The Nintendo Switch helps carry the sense of wonder and energy that Breath of the Wild encapsulates so well. Being able to pick up and play at a moment’s notice wherever you may be is an innovation in itself but it’s especially nice with The Legend of Zelda. Taking your adventure on the road just feels so right and while I understand some Wii U owners may have purchased the console for this game alone, I’m happy with Aonuma’s decision to develop this for the Switch as well. The Nintendo Switch just feels so perfect for Breath of the Wild with its open design and being able to play however and wherever you want. This game is as bold of a statement as the Switch itself so its fitting that it helped launch the console. If you need to play this on Wii U then I don’t want to discourage you at all. The gameplay experience is identical on both systems. The only differences you’d be missing is the portable nature of the Switch and lower resolution (720p on TV mode on the Wii U and 900p on TV mode on the Switch). Frame rate is more consistent in tablet mode since the resolution is a bit lower. I never really had any issues with the framerate in TV mode but can say that it was a bit smoother in tablet mode.
I spent my time purely on the Nintendo Switch but would imagine that it would control just as well on the Wii U. The Joy-Cons felt very tight and responsive during my time with the game. I had a little bit of interference with our cable box but once I moved the Switch and its dock a foot or so over, I didn’t have any further issues. The game is tight, responsive, and it’s always a joy traversing across the world. I haven’t used the Pro Controller yet as they’re sold out in my area but I felt like the Joy-Con controller was still great. I found it a bit more comfortable to play in TV mode as I felt I could more confidently grip the Joy-Cons in their grip than holding the tablet. This may just be from me worrying about damaging the Switch and all in my head but worth mentioning nonetheless.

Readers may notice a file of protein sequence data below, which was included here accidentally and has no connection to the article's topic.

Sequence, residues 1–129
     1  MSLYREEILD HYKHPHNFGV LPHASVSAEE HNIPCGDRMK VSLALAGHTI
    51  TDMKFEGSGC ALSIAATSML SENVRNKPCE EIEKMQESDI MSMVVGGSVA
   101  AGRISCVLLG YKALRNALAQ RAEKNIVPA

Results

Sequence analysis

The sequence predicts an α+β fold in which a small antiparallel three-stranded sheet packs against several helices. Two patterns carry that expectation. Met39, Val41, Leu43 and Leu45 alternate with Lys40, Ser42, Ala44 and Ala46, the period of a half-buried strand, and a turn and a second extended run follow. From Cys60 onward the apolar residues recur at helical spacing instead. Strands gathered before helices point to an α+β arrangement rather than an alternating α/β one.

Without spoiling anything, Breath of the Wild has so many incredible moments in story and gameplay that work together to take your breath away. There were so many times I had to just pause the game to stop and take in what was happening. I expect greatness out of Nintendo but there were so many things I just wasn’t expecting from Nintendo or any developer for that matter. The sheer sense of scope and the gravity of the story isn’t lost on the game design or story. The weight of the situation is represented very well in many twists and turns throughout the tale. I cared about the characters I fought alongside. I wasn’t just battling with an NPC. I was uniting the world against a common evil that had to be stopped. This is a world that felt real despite my brain’s best efforts to remind me otherwise.
Breath of the Wild is not only a milestone and an achievement for the franchise but it’s also a monument to what is possible in a video game. I can’t think of a time where I was more invested, excited, or interested in a virtual world. Link’s struggle was my own and the world’s burdens were mine as well. I wanted nothing more than to just shrug off the responsibilities of life and just experience nothing but this game. Games this perfect are rarely even thought of, let alone realized and released. Ocarina of Time may be considered one of the greatest games of all time but as far as I’m concerned, it was simply the opening sentence and thesis statement for what would later be not only the greatest Zelda game but also one of the most important and greatest games of all time.
The Legend of Zelda: Breath of the Wild
- Unparalleled open-world design
- Lifelike world filled with intelligent creatures and enemies
- Cinematic and immersive story
- Beautiful graphics that help bring the world to life
- Exploration and discovery reach new heights for both the series and for video games as a whole